Since I posted on "monopoly justice" a few minutes ago I won't belabor this issue. Except to observe that this is one of Thomas Pynchon's classic examples: "If they can keep you asking the wrong questions, they don't have to worry about answers." -- Thomas Pynchon http://www.goodreads.com/author/quotes/235.Thomas_Pynchon Nobody asks whether incarceration by monopoly state is viable. Nobody questions how imprisonment ignores the victim(s) of the wrongdoer and forces the victim to pay double -- the cost in life, limb and property of the misdeed, and the cost of the convicted miscreant's bed and board ("taxation"). Through "voluntary compliance", of course. Nobody inquires if there is a way in total freedom to deal with even violent evildoers (you would think those espousing "gun 'rights'" might be so inquisitive). Just a longing for "justice" and whining over how psychopaths treat their victims. Abstain from beans, my friends. It might seem a small start. But it is a start. Sam
  • Samarami's picture
    Samarami 3 weeks 5 days ago Web link Westernerd
    It is important, Glock, to recognize something so basic it’s easy to miss: you and I, as government (“public” ha ha) educators, at one time or another in our careers, taught students that monopolies were bad. They are inefficient, inept, and they bring about grave harm to the hoi polloi. This, of and by itself, was not incorrect as far as it went. Where we innocently but abjectly ran aground and turned the apple cart upside down was our dissemination of the meme that monopolies are a product of the marketplace. Fat cats -- greedy, lascivious for evil profits -- tend to dominate markets. It is those moneybag capitalists who are responsible for rising prices and the poor becoming poorer. A war upon poverty is a war against those fat cats. Therefore “we” (read: psychopaths grouped into abstractions called “government” – city, county, state, federal, et al.) must regulate all business to end monopolies. “We” must legislate – decide for sellers and buyers alike -- what should be produced, under what guidelines, and what should be declared legal and/or illegal. I can’t speak for you. But I’m trying to remember about when it was for me that I began to awaken, to think logically and critically. It was necessary for me to see around my confirmation bias – that monopolies cannot and will not occur in a free and open market. I came to understand that I was a tiny cog (but a major contributor) in the most dangerous and egregious monopoly ever known to human kind: the state. That a police state was a natural outcropping of my tutelage. Monopoly “justice” is never unbiased. When those psychopaths (“the state”) • Make the laws, • Enforce the laws, • Prosecute the laws, • Hire the prosecutors, • License the “defense” attorneys, • Pay the “judges”, • Build the jails, • Contract jails out to private entities, • Employ and pay the wardens, • Employ and pay the guards, • Employ and pay the parole officers, Well, that sort of monopoly “justice” is not an unbiased system. It is abject tyranny. (Thanks, Daily Bell) And so, my dear friend, you and I have choices: either become emotionally destabilized over a lifetime of wrong education -- or become free. I've decided the latter is the better choice. Sam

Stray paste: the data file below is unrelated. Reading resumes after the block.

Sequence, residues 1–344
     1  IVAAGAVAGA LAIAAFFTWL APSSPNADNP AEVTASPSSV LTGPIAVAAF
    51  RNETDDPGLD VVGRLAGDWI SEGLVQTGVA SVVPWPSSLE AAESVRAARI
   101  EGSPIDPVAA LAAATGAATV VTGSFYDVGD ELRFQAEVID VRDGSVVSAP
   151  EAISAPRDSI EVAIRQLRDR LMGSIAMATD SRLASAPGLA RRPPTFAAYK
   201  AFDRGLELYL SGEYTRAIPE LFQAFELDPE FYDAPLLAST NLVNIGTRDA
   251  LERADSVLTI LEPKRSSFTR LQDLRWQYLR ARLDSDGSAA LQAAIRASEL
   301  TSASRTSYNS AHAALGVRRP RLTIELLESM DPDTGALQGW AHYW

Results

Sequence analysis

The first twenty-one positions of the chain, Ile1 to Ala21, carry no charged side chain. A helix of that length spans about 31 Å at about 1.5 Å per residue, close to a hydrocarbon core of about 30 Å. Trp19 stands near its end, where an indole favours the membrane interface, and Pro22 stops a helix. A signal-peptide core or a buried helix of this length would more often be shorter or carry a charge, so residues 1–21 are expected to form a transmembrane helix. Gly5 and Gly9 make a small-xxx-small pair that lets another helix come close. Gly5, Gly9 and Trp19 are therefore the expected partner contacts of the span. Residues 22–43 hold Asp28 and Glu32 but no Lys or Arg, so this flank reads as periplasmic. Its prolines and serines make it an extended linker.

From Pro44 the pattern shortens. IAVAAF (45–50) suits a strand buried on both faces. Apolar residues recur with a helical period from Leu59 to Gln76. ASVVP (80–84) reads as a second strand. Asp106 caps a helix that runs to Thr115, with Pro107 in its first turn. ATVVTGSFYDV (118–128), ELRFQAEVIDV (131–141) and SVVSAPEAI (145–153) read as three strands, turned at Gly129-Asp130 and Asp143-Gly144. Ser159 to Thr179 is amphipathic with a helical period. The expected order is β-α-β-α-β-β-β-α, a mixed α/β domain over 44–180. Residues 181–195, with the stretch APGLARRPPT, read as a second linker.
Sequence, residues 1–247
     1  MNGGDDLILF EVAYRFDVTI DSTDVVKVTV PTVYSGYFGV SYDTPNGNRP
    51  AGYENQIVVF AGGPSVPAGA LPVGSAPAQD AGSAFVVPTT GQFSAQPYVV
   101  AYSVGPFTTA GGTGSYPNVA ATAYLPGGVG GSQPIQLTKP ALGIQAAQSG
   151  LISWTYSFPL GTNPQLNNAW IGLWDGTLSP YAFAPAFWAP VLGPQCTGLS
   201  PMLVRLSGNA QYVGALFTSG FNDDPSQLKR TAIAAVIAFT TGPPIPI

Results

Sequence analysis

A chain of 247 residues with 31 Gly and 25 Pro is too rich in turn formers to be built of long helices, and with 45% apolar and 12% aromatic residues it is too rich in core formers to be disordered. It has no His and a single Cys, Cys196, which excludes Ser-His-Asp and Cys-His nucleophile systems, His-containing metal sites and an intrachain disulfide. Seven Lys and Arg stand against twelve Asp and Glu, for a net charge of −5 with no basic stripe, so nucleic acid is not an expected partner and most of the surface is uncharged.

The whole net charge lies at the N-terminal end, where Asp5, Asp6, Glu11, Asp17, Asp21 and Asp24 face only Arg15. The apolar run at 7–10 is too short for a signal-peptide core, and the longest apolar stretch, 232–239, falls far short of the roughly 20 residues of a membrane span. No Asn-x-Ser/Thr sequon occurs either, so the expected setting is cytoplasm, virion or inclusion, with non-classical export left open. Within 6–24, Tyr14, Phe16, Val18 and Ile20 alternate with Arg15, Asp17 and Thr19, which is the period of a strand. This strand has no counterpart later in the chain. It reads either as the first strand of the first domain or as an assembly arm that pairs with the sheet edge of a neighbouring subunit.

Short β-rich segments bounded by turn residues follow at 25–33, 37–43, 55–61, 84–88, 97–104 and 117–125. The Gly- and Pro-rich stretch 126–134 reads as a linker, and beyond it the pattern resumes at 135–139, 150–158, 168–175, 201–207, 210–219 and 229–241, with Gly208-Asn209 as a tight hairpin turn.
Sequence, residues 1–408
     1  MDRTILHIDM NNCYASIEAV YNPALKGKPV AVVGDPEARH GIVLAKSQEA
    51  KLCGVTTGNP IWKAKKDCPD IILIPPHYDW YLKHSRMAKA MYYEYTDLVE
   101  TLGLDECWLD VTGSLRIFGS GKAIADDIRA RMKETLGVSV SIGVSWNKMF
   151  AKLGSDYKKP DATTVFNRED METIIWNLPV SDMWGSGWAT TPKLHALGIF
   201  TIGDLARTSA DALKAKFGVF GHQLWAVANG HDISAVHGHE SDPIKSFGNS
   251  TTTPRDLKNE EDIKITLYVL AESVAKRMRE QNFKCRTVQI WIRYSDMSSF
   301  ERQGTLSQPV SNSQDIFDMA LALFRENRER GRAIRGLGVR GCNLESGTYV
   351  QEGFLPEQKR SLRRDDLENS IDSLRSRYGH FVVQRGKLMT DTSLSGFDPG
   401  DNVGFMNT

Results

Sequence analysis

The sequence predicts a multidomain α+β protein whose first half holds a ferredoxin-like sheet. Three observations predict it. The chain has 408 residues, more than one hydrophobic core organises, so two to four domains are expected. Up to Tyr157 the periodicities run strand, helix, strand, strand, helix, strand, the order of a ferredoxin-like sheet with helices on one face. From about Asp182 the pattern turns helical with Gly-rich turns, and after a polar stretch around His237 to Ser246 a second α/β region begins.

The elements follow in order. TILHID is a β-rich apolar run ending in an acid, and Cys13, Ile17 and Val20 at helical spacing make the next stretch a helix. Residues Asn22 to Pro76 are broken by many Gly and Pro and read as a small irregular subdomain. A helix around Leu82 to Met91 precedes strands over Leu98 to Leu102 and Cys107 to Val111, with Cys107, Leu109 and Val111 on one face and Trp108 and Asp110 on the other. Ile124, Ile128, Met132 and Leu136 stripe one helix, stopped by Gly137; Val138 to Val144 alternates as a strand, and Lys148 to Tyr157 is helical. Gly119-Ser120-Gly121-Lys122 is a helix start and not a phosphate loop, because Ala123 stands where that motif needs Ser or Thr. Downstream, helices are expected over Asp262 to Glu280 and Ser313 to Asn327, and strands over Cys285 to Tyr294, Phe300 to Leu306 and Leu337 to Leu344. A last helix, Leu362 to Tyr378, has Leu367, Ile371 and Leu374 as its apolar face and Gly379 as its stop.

• Glock27's picture
    Glock27 3 weeks 5 days ago Web link KenK
    “under well-established law, the police…have no special duty” to protect an individual citizen. Well. He got that one right, according to SCOTUS police have no legal, Constitutional authority or duty to protect the lives of citizens”. My, my. It is a dial 911 and die situation, and possibly by the hand of a cop? I find it interesting that there is still a valid SCOTUS precedent in the John Black Elk v. U.S. which validates a citizens legal right to use force to prevent an unlawful arrest and that any bystander has a right to assist on behalf of the victim. Good luck with that one. Even if you are innocent of the original intended crime ones resisting arrest is not going to be a pleasurable experience even if a precedent does exist. Who’s going to validate that Black Elk V. U.S. position, your attorney. Hell he probably has no idea about that one? There is something about being a cop that is mysterious and mystifying. Why? What is the psychology behind the individual who becomes a cop? What is the mental age of guys on SWAT teams? What validates their emotional state and character that permits one to be a SWAT member? How is it that "no knock warrants" can honestly be issued? Why are so many SWAT members eager for a raid and live for the raid? If every American citizen, sound of mind and law abiding were required to carry a firearm would we have the problems we now have and would we even need a police force with tanks, half-tracks mounted with .50 caliber machine guns, bayonets and etc.? I could be all muddy about this one, but I don't trust them. I would like to see greater accountability enforced on them as legislators try to force upon us new and mandatory laws.